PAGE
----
But what I wanted to share with you was something from chapter 1 that I thought was quite valuable:
First, some general principles. Let’s not call them laws; and since they’re not particularly original, I won’t attach my name to them. They are merely a description of patterns that seem to characterize the ways that people tend to respond and think. For example, people:
- tend to believe what they want to believe.
- tend to project their own biases or experiences upon situations.
- tend to generalize from a specific event.
- tend to get personally involved in the analysis of an issue and tend to let their feelings overcome a sense of objectivity.
- are not good listeners. They hear selectively. They often hear only what they want to hear.
- are eager to rationalize.
- are often unable to distinguish what is relevant from what is irrelevant.
- are easily diverted from the specific issue at hand.
- are usually unwilling to explore thoroughly the ramifications of a topic; tend to oversimplify.
- often judge from appearances. They observe something, misinterpret what they observe, and make terrible errors in judgment.
- often simply don’t know what they are talking about, especially in matters of general discussion. They rarely think carefully before they speak, but they allow their feelings, prejudices, biases, likes, dislikes, hopes and frustrations to supersede careful thinking.
- rarely act according to a set of consistent standards. Rarely do they examine the evidence and then form a conclusion. Rather they tend to do whatever they want to do and to believe whatever they want to believe and then find whatever evidence will support their actions or their beliefs. They often think selectively: in evaluating a situation they are eager to find reasons to support what they want to support and they are just as eager to ignore or disregard reasons that don’t support what they want.
- often do not say what they mean, and often do not mean what they say.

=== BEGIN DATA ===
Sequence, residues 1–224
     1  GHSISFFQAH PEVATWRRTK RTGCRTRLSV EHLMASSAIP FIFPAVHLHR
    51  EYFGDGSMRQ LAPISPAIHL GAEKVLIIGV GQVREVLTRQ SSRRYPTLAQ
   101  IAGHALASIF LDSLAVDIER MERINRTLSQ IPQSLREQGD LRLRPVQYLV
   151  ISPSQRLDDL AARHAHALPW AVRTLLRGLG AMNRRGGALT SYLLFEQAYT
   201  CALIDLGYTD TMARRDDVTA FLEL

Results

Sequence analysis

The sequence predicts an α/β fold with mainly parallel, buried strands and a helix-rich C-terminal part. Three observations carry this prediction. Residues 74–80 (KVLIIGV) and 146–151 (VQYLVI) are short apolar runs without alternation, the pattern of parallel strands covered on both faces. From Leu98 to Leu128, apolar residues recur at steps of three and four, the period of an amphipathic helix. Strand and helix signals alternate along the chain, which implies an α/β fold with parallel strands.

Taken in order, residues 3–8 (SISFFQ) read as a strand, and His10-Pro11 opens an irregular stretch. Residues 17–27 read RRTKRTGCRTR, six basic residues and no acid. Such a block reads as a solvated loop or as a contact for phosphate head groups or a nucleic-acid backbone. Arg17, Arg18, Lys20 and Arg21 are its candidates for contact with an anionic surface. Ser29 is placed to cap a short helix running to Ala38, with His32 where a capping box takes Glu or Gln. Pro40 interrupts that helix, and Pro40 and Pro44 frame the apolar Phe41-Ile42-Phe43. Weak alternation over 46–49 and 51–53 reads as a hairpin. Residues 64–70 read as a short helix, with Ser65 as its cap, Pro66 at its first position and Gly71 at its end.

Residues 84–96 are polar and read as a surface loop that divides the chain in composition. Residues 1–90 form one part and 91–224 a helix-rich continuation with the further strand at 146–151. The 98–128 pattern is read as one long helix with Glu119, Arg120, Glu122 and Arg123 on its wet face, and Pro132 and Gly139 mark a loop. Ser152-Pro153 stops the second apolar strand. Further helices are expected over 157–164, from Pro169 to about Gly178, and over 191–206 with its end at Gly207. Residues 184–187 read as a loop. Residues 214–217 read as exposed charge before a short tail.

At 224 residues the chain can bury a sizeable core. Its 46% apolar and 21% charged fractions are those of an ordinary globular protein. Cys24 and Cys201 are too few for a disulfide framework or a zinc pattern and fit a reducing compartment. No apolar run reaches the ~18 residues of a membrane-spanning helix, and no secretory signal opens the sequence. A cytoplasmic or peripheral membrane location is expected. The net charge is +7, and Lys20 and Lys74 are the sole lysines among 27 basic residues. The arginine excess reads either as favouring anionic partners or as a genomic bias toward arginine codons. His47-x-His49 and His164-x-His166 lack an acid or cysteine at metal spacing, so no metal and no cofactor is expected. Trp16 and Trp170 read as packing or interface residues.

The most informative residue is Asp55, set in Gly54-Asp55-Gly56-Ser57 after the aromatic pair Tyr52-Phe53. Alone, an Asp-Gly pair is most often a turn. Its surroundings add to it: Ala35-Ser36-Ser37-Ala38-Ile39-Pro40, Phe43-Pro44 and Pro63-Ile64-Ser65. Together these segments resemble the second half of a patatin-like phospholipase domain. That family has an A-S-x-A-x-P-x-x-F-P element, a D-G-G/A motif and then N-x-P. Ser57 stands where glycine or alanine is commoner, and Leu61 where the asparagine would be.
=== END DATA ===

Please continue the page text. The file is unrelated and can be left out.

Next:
To these principles, let’s add four observations cited by J.A.C. Brown in his Techniques of Persuasion: “Most people want to feel that issues are simple rather than complex, want to have their prejudices confirmed, want to feel that they “belong” with the implication that others do not, and need to pinpoint an enemy to blame for their frustrations.”
The above comments may seem jaundiced. They are not meant to be. They are not even meant to be critical or judgmental. They merely suggest that it is a natural human tendency to be subjective rather than objective and that the untrained mind will usually take the path of least resistance. The path of least resistance is rarely through reason.
Page 4-5 of Nonsense: Red Herrings, Straw Men and Sacred Cows: How We Abuse Logic in Our Everyday Language by Robert J. Gula.
When I first read the list and kept agreeing with it, I thought it was cynical and jaded. I thought I was the same. But I agree with Mr. Gula. It isn't meant in a nasty way at all. It seems it's just the way our minds work. If we understand that, it gives us an advantage for working with our own thoughts and brains, as well as insight into how others form beliefs, rationales, ethics and much more.
I have quite a few friends who are humanists. My good friend Jenny believes that people try to be the best they can be. My experience of humanity has not been so rosy. I think I agree with Mr. Gula. Most people take the path of least resistance, and that path rarely has anything to do with reason. Or aspiring to the greater good of humanity.
Feel free to comment below with how jaded and cynical I am. :P But I also wouldn't mind hearing from you if you agree. :)